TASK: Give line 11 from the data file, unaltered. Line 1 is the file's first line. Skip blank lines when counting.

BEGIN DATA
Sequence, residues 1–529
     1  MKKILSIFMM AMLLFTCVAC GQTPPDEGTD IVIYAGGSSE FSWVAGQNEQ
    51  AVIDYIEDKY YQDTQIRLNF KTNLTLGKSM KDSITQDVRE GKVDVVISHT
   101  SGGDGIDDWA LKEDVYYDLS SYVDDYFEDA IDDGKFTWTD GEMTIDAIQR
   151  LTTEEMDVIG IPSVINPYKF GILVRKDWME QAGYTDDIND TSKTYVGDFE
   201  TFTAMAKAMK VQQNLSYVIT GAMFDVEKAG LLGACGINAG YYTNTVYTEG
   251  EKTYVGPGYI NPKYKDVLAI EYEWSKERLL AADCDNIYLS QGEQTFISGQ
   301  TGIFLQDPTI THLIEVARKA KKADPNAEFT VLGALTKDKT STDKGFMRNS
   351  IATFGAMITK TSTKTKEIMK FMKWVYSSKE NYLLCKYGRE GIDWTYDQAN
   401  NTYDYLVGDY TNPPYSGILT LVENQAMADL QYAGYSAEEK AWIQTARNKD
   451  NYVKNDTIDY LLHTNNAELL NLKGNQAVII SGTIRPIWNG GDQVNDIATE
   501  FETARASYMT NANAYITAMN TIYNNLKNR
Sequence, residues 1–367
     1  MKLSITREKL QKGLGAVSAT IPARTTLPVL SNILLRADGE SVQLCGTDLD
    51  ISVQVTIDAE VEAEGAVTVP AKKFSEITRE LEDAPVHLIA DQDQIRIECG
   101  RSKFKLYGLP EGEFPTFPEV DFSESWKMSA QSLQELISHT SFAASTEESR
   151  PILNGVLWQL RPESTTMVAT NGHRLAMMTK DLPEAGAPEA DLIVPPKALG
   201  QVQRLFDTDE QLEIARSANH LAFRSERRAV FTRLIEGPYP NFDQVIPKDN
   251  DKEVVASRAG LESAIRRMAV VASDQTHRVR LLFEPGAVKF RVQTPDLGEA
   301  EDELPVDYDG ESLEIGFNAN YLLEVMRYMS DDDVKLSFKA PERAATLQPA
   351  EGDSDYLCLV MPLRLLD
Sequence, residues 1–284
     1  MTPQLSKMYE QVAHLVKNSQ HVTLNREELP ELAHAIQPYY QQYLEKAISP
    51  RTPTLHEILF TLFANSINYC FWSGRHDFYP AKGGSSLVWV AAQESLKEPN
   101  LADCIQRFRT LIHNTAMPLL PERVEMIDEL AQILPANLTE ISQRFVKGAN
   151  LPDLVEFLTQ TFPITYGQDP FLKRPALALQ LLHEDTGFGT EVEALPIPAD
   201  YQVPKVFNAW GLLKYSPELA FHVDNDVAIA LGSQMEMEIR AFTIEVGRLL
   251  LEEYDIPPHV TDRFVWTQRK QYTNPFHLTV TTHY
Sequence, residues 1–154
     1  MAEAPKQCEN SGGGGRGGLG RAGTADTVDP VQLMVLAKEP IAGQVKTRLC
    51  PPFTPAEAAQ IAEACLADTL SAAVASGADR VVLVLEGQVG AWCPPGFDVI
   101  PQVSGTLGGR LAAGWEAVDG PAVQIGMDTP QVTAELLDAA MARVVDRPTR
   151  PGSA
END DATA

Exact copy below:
   451  NYVKNDTIDY LLHTNNAELL NLKGNQAVII SGTIRPIWNG GDQVNDIATE